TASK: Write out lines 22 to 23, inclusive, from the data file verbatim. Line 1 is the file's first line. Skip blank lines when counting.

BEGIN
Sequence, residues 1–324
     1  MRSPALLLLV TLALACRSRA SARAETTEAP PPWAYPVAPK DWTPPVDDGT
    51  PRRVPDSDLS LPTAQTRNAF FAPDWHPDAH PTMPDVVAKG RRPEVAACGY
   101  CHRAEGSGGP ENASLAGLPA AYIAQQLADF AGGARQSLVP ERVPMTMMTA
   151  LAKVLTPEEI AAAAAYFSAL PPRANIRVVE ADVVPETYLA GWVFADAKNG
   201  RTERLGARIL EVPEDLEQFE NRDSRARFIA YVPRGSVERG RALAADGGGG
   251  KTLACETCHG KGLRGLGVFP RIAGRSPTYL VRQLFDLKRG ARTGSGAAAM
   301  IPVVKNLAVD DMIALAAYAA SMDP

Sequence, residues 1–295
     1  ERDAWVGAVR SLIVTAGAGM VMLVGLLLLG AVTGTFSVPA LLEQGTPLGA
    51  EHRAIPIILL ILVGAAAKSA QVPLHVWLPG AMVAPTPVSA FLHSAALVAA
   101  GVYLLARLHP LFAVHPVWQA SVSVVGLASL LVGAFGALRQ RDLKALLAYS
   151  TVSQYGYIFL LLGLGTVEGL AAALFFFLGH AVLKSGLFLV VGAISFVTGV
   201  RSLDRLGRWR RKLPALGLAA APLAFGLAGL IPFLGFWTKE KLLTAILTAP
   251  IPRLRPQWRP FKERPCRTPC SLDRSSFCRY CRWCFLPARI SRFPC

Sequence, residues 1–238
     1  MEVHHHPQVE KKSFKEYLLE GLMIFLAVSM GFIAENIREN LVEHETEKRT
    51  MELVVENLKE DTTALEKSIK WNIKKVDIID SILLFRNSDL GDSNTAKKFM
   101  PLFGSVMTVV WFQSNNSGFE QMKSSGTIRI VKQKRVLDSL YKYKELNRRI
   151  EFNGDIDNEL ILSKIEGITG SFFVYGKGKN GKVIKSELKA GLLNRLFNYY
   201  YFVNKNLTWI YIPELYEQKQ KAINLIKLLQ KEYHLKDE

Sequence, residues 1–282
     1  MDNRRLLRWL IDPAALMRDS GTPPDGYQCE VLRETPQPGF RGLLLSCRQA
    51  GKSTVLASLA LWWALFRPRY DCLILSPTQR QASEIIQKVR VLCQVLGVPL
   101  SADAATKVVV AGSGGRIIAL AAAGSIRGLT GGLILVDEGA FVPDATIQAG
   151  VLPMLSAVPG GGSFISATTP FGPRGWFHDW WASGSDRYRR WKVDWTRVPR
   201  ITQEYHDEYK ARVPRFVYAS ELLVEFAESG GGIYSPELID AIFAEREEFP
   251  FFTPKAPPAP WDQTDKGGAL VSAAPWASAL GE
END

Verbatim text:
Sequence, residues 1–282
     1  MDNRRLLRWL IDPAALMRDS GTPPDGYQCE VLRETPQPGF RGLLLSCRQA